Scenes from a Colorado overflight

We recently did a bit of family travel — on our way from Denver to Phoenix, we were fortunate enough to have relatively clear skies and a late afternoon flight.  Perfect for some aerial twilight photography of various spots in Colorado and the four corners region of the U.S.

First up for you, Colorado Springs (top of frame) seen over the snow covered Rampart Reservoir, not far west of town.

Over the Rampart

Colorado Springs is one of those places I normally see while driving through (in this case, on I-25) — from that perspective, the mountains form a wall to the west of the city.  But from above, the fact that the mountains are essentially a (tall) rumpled plateau is much more evident.

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Sugar Skull

A while back, I bought a used Olympus E-PM2 off eBay and had it converted to full-spectrum usage (i.e., I had the anti-IR filter removed from its sensor).  Add an IR filter to its lens, and you can get some interesting effects with the setup — so I took it up to the mountains to the Breckenridge International Snow Sculpture Championships:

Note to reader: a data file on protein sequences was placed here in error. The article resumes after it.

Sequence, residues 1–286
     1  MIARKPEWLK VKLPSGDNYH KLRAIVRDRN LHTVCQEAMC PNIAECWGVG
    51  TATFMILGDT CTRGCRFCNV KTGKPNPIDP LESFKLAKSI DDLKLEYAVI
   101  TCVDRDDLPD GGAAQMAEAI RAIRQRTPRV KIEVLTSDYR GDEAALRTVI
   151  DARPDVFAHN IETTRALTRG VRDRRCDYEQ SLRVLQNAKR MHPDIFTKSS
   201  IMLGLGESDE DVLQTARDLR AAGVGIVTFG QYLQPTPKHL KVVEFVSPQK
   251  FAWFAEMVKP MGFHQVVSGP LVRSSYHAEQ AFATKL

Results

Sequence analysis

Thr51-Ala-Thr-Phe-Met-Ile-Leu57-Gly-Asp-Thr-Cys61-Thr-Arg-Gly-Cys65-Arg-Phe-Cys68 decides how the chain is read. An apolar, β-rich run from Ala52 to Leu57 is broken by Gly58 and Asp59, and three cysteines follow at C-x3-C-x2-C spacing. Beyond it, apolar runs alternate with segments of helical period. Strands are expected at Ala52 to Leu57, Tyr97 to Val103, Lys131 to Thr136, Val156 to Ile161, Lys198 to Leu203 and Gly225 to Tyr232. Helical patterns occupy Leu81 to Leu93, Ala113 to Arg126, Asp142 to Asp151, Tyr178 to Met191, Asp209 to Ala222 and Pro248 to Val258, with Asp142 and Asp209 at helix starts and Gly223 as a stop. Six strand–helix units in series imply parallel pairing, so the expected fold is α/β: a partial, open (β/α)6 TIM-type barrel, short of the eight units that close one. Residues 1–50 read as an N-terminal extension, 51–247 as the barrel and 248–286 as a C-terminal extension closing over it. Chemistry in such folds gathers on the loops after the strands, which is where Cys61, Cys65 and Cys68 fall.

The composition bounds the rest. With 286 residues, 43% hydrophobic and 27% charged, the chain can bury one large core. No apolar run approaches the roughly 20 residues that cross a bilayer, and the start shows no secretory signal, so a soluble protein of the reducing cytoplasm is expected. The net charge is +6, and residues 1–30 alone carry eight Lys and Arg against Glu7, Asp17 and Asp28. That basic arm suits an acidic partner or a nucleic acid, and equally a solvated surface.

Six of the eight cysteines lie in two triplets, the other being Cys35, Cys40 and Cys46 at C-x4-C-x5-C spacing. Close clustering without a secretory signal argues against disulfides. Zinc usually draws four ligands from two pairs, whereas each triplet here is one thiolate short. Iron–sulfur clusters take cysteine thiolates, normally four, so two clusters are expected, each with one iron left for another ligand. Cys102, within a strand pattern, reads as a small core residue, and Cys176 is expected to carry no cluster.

Sugar Skull

After split-toned processing, this is an infrared image of the “Dia de Muertos” snow sculpture, created by a team from Wisconsin.  This sculpture won the “Artists’ Choice” award this year, well-deserved if you ask me.  The level of detail that the sculptors could achieve with packed snow is impressive.

So why *did* the elk cross the road?

Apparently to stick his tongue out at me:

So why *did* the elk cross the road?

Or, maybe he’s just a big Miley Cyrus fan?  At any rate, let this image serve as a reminder to always keep your camera in your lap when venturing into an area with active wildlife.  We took a family trip up to Rocky Mountain National Park (in northern Colorado) this past weekend, and not far inside the park’s gate, we spotted this stunning bull elk grazing just off the far side of the road.

By the time I’d pulled over and retrieved my camera from the car’s back seat, our visitor was up on the road, crossing over to our side.  I only had time to fire off a couple of hasty shots (through the closed driver’s side window) before he was behind our car entirely.  Thank heaven for auto-focus.

The elk’s expression is, of course, hardly majestic.  But you know how bad they are about following direction…